The owner of the Los Angeles Times is actually in talks to sell the paper to a local biotech billionaire, the latest twist in a chaotic few months for the nation’s largest metro newspaper, sources familiar with the matter told sy88pgw.
Michael Ferro, who controls the paper’s parent company Tronc, is actually negotiating with Patrick Soon-Shiong, a Tronc investor along with physician who has been dubbed “the planet’s richest doctor.”
The deal, if reached, could see Soon-Shiong buying both the Los Angeles Times along with the San Diego Union-Tribune for roughly $500 million plus pension liabilities, according to one source with knowledge of the matter.
The $500 million cost tag would certainly put the two papers at twice the cost of the Washington Post when Amazon founder Jeff Bezos bought the item in 2013 — a valuation of which is actually likely to mystify industry observers.
News of a possible deal was first reported by the Washington Post. NPR along with the Los Angeles Times itself have also reported on the talks.
Representatives for Ferro along with Soon-Shiong were not immediately available for comment.
The talks come on the heels of a tumultuous period at the Times, including the appointment of three editors-in-chief in less than six months along with the suspension of a publisher over prior sexual harassment allegations.
Related: What went wrong at the Los Angeles Times?
Times staffers have been widely critical of Ferro’s tenure at the top of Tronc, sources at along with close to the paper have told sy88pgw. although early conversations with employees suggest of which they feel Soon-Shiong may only be a minor improvement.
“He’s not Ferro, he’s also not Jeff Bezos,” one of the sources familiar with the matter said.
Known as a savvy self-promoter, Soon-Shiong has drawn criticism via many within the healthcare community, as well as via investors. Shares of his biotech companies, NantHealth along with NantKwest, have both fallen by more than 80% since he took them public. After looking into his “Cancer Moonshot 2020” plan to eradicate cancer, STAT News described the item as “an elaborate marketing tool” for his businesses. (Through a spokeswoman, Soon-Shiong responded to of which story in two statements, saying the initiative had made “remarkable progress.”)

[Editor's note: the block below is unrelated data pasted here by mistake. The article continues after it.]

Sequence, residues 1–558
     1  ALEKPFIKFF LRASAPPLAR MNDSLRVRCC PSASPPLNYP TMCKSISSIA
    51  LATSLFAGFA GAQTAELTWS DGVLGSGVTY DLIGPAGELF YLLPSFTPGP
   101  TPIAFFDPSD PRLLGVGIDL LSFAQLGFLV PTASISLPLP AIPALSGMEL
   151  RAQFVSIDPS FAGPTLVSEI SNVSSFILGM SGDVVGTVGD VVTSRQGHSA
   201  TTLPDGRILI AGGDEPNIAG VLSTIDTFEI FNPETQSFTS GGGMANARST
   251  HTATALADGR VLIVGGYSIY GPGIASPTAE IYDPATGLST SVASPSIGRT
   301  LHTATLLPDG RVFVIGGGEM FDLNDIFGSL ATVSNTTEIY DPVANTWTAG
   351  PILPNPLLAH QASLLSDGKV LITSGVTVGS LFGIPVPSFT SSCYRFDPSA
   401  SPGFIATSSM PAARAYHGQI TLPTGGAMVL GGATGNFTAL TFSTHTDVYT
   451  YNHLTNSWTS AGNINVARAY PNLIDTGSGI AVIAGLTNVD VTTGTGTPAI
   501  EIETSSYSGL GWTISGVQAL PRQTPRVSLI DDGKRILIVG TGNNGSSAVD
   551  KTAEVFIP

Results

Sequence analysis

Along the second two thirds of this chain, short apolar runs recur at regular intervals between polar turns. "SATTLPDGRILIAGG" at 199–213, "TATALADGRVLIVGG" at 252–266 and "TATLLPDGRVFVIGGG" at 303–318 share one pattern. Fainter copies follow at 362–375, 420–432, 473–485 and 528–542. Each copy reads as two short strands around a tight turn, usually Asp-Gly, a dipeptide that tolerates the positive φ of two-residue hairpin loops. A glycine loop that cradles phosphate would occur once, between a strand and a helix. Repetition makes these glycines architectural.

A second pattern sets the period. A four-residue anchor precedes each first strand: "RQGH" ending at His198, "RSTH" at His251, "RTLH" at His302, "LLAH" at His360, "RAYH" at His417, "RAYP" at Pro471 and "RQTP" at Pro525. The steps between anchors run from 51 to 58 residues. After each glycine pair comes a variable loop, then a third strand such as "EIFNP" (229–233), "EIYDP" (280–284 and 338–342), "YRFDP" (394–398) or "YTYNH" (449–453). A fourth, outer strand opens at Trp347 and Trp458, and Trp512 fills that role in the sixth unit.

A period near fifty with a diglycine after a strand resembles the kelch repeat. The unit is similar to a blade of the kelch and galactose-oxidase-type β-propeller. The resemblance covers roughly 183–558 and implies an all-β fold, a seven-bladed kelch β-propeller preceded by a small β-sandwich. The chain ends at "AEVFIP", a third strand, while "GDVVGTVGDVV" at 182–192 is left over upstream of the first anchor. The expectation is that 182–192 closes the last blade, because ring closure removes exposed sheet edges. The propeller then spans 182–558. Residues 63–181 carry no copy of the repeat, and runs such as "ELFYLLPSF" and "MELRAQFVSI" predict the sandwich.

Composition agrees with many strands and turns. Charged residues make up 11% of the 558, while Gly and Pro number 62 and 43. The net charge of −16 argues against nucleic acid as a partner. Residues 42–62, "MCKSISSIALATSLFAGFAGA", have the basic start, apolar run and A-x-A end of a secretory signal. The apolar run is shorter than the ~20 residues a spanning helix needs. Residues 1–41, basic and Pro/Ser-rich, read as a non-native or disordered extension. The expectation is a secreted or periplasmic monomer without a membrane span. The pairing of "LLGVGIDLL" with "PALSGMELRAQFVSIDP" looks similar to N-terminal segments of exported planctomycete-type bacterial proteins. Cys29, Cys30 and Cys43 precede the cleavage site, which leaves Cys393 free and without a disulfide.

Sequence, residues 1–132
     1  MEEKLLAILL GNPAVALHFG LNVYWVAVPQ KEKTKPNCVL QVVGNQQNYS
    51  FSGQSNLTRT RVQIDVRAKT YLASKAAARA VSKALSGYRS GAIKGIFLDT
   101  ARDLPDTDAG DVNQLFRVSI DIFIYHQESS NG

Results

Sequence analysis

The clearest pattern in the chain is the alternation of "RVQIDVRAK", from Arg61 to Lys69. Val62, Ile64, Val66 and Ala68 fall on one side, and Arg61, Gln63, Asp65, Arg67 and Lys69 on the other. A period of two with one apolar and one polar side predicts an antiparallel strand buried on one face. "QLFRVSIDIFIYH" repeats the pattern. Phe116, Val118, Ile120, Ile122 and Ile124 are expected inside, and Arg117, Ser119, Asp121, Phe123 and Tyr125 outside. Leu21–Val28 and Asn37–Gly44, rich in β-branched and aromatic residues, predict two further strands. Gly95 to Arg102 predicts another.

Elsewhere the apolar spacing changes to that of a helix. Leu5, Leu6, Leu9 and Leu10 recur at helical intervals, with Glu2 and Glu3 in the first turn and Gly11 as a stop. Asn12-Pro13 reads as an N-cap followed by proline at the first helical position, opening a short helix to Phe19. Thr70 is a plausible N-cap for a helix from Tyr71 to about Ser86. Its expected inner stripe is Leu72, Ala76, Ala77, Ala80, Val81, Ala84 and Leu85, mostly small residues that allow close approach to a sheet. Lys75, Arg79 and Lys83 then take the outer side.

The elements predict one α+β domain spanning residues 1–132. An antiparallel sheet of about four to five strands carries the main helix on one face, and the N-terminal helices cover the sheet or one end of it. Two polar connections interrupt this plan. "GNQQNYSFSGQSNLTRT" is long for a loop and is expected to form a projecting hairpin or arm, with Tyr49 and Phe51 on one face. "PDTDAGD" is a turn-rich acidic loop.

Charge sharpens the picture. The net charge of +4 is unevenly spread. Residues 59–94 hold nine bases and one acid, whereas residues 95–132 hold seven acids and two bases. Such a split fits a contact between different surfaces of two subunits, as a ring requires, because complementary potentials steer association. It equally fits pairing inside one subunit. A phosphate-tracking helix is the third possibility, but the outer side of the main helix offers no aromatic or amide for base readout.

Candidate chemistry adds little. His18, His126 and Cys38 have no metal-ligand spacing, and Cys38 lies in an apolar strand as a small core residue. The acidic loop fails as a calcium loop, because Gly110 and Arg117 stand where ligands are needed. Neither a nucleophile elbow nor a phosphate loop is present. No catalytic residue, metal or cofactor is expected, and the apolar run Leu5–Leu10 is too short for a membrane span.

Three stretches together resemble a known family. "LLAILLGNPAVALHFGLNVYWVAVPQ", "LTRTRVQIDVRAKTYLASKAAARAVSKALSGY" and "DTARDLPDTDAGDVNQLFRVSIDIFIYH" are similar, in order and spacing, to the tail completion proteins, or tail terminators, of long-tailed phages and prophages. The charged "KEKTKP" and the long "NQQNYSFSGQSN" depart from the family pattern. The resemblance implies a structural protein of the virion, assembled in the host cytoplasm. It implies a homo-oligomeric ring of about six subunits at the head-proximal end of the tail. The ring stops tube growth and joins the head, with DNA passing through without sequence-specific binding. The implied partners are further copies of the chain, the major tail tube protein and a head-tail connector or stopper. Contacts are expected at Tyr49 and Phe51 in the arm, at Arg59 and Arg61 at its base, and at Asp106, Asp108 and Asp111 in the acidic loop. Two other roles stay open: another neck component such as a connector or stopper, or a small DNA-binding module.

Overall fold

Soon-Shiong first became an investor in Tronc in 2016 when Ferro was looking to shore up support to prevent Tronc — then Tribune Publishing — via selling itself to Gannett. although within a matter of months, Ferro along with Soon-Shiong became locked in a bitter race to buy up shares along with assume control of the paper.
In March 2017, Ferro increased his ownership stake to 30%. At the time, Soon-Shiong claimed of which the board had allowed Ferro to raise his shares without letting him do the same. of which made Ferro the company’s largest shareholder. Blindsided, Soon-Shiong accused the company of giving Ferro preferential treatment along with asked to be allowed to enhance his ownership stake as well, although was denied.
As recently as last week, sources with knowledge of the matter said Ferro was unlikely to sell the paper anytime soon. The recent tumult at the paper along with the widespread opposition via the staff, which recently formed a union — the first within the paper’s history — may have changed his mind.
sy88pgw (brand-new York) First published February 6, 2018: 6:17 PM ET